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Five decades of tax rises ahead

The government’s budget watchdog says more tax rises are not only on the way but are expected for the next 50 years.

The Office for Budget Responsibility (OBR) normally comes into the spotlight when the Chancellor is presenting the Autumn Budget or a Spring Statement. However, between those two set pieces, the OBR regularly produces assessments on the state of the government’s finances. Once a year it takes a long-term view – as far out as 50 years – on where public debt is headed and what risks the public sector faces.

The Fiscal Risks and Sustainability Report published in July – coincidentally on the day Boris Johnson resigned – did not make cheery reading for anyone hoping to be his tax-cutting replacement at the head of government. The report focused on three danger areas for government finances:

  1. Rising geopolitical tensions: The OBR views the Russian invasion of Ukraine as prompting an increase from the “current historically low levels of defence spending across Western countries” – a reversal of the so-called peace dividend from the end of the cold war. At the same time, the OBR fears slower growth because of a retreat from global economic integration.
  2. Higher energy prices: For the OBR, the recent surge in gas and oil prices, accompanied by inflation reaching rates not seen since the 1970s, has underlined the economic and fiscal risks to the UK from its continued dependence on fossil fuel imports. The OBR also sees a sharper focus on the tax choices and trade-offs involved in the UK’s pledge to achieve net zero emissions by 2050.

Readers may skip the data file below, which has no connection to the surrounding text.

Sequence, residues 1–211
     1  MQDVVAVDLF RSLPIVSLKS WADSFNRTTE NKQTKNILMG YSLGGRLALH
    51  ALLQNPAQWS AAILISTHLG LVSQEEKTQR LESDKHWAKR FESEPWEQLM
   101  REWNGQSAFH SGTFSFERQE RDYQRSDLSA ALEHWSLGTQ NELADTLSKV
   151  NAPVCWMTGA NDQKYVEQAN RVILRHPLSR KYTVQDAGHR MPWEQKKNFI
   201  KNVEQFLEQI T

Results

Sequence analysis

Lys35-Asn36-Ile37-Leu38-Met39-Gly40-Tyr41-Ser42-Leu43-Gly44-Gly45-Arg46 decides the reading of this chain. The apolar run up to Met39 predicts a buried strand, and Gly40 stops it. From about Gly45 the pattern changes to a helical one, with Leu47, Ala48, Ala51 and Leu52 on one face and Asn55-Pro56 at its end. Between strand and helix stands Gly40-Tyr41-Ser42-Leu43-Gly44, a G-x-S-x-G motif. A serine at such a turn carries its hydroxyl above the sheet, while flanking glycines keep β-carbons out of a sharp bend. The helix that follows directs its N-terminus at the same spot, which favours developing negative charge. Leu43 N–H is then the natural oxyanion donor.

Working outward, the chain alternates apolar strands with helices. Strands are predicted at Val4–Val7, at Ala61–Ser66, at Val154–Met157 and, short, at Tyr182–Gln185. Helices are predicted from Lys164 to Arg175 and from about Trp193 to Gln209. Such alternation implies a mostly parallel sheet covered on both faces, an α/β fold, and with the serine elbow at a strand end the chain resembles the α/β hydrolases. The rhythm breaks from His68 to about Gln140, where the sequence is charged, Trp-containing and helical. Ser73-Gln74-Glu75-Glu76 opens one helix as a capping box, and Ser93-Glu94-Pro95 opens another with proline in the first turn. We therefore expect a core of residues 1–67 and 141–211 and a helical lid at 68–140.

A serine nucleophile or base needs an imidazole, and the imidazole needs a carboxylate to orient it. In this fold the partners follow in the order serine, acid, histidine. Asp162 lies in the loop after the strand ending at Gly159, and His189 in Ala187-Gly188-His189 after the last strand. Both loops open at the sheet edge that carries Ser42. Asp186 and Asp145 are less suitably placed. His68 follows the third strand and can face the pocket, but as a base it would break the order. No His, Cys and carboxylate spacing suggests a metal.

3. Long-term pressures: One surprising comment from the OBR is that the Covid-19 pandemic has had “remarkably little impact” on the UK’s medium-term financial position. The OBR attributes this in part to “the substantial tax rises” announced in the pandemic’s wake. However, that good news is tempered by the spending pressures of an aging population and the loss of existing motoring taxes as electric vehicles come to the fore. The net result is to leave public debt “on an unsustainable path in the long term”.

The OBR’s stance is that taxes are not going to fall, whatever the aspiring successors to Mr Johnson’s job have said. If you want to pay less tax, then what matters is your own financial planning, not the Treasury’s.

Tax treatment varies according to individual circumstances and is subject to change.

The Financial Conduct Authority does not regulate tax advice.



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